Despite the decline in the number of overall cyclists at comparable intersections, the number of female cyclists at comparable intersections actually rose by 5%.
Female cycling has increased over the history of the Super Tuesday counts, from percentages in the low 20s a decade ago, to the mid 20s in recent years. This year the proportion of cyclists who were female was 27%, the highest ever recorded and significantly higher than the 24% recorded in 2020. 48 of the 91 cyclists counted at the Hughes Street/ James Congdon intersection in Mile End were female – only the second time a majority of female cyclists has been recorded. 15 locations saw at least 30% female cyclists. These are presented in Table 1.
Table 1: Locations with at least 30% female cycling
|Hughes St/ Sir James Congdon Drive||91||48||53%|
|Park Tce/ Hawker St / War Memorial Drive||76||32||42%|
|Clifton St/ Lower Portrush Rd (Maylands)||57||22||39%|
|RTLP under Montefiore Rd bridge||322||122||38%|
|Richmond St/ Torrens St (Hackney)||150||54||36%|
|Westside Bikeway/ South Road||68||23||34%|
|Morphett St/ South Terrace||129||43||33%|
|Frome Rd/ Victoria Drive||359||114||32%|
|Frome Bikeway / Angas St||291||91||31%|
|West Tce/ Glover Av.||288||87||30%|
|Frome Bikeway/ Halifax St||338||102||30%|
|Pulteney St/ North Terrace||143||43||30%|
|Morphett. St/ Franklin. St||232||69||30%|
|Pulteney St/ South Tce||380||113||30%|
|Osmond Tce/ William St (Norwood)||152||45||30%|
A third trend of interest was the increase in “counterflow” cycling – people riding away from the CBD. In fact some of those locations that saw increases would have recorded decreases if it were not for counterflow cycling: Pulteney/ South Terrace and Morphett/ South Terrace, for example. An increase in the numbers riding away from the CBD was a common feature of this year’s count. In some cases the increases were very large, but always off low bases.
A possible explanation of this phenomenon is City residents having the opportunity to get some exercise because they are working from home.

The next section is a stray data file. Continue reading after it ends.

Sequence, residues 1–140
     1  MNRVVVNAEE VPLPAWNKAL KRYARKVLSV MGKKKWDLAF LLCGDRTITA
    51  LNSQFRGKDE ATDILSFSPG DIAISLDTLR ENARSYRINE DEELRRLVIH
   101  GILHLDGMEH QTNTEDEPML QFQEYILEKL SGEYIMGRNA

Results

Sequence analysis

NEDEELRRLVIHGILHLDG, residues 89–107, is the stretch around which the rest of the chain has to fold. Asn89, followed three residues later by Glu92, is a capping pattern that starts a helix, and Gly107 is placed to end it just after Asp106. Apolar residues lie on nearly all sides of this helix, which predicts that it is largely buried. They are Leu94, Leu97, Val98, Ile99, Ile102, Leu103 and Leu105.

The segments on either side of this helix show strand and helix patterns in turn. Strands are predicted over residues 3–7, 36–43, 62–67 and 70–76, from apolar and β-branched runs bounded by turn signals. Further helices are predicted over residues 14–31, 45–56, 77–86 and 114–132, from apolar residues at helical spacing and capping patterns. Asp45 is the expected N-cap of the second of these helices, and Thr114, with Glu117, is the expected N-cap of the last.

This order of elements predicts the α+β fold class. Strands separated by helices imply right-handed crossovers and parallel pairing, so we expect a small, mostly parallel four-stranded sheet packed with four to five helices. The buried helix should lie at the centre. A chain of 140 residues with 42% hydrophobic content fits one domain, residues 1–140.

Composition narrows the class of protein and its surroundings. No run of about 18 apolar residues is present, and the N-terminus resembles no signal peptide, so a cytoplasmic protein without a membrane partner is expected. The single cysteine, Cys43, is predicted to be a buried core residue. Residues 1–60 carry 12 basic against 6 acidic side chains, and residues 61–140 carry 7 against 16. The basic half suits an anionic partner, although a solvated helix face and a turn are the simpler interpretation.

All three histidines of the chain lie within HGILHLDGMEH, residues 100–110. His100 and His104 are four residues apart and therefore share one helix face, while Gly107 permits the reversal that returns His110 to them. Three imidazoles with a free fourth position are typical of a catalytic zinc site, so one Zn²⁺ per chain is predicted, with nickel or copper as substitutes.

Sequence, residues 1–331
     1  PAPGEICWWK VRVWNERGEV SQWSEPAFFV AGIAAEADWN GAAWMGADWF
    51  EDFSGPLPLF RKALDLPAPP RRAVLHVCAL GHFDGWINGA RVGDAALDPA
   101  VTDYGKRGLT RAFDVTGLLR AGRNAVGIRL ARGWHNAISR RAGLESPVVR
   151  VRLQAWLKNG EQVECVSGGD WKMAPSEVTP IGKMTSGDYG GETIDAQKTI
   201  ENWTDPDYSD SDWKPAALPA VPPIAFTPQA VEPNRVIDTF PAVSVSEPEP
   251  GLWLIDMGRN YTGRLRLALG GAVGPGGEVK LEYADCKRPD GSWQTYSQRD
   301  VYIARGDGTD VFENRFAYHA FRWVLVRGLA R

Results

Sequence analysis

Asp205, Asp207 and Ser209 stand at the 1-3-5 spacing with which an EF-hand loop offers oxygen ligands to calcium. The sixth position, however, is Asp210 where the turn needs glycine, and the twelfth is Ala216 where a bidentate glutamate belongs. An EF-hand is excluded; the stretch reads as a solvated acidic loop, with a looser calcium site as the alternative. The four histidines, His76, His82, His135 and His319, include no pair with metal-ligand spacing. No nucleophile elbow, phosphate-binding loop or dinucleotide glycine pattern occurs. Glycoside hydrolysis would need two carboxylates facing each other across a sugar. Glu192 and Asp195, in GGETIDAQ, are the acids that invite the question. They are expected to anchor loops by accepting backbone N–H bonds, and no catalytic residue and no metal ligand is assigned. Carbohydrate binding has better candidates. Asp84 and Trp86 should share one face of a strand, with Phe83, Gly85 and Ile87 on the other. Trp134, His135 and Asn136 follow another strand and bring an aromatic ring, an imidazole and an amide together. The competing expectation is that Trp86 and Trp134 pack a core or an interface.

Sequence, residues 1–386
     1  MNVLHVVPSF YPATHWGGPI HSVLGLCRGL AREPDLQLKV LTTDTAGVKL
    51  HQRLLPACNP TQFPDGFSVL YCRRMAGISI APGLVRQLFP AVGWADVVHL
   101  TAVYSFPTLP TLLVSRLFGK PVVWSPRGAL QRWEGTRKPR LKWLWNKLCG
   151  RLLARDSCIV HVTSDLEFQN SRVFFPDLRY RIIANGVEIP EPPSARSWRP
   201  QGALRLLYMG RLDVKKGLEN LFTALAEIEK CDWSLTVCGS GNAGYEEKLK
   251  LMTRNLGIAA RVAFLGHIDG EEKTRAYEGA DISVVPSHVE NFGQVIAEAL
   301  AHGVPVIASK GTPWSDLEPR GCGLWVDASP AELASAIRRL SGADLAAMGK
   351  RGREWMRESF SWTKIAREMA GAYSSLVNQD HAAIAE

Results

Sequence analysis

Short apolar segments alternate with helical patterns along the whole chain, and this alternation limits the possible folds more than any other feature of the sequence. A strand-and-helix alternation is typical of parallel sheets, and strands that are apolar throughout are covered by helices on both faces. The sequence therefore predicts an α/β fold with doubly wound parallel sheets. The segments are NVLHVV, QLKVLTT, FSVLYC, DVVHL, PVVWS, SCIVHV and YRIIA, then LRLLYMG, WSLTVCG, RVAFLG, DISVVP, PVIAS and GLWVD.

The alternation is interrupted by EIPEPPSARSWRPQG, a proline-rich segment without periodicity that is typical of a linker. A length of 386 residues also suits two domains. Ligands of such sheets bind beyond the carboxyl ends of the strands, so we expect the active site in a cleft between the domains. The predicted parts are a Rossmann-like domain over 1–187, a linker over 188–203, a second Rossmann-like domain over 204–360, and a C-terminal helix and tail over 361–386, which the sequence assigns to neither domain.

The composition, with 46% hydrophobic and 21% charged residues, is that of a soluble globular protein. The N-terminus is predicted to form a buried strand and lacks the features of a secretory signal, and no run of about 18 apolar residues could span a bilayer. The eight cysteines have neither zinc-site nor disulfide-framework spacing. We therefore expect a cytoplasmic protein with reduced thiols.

This pattern did not just apply to the City locations. Beulah Road in Norwood saw a significant increase in counterflow cycling, as did The Parade, Porter Street, Grant Avenue, and (to a lesser extent) the Outer Harbor Greenway, Phillips Street and the western end of Greenhill Road at Anzac Highway.
This pattern was not seen at the Tollgate (where slightly more were riding toward the City and slightly fewer to the hills). If it is City residents getting exercise, they are not getting that much exercise!
Bike Adelaide is happy to help Walking SA obtain data on people walking. Particularly at quiet locations, our volunteers were kind enough to also keep a record of how many pedestrians passed through the location.
This year pedestrians were counted at 35 locations, a big increase on the 14 counted in 2020. 10 of the 35 were also counted in 2020, enabling us to identify trends.
All but one of the 10 locations saw an increase compared with 2021. The total increase at the 10 locations was 17%.
One explanation for this might be the increase in walking for exercise that was encouraged by the Covid lockdown. But it should also be noted that, with one or two exceptions, pedestrians were not counted in the CBD itself – there are just too many of them to be counted and in any case counts at these locations probably measure the popularity of the CBD rather than the popularity of walking. By excluding the big intersections that saw a decline in cycling, we perhaps have a more skewed picture of the relative trends in both modes.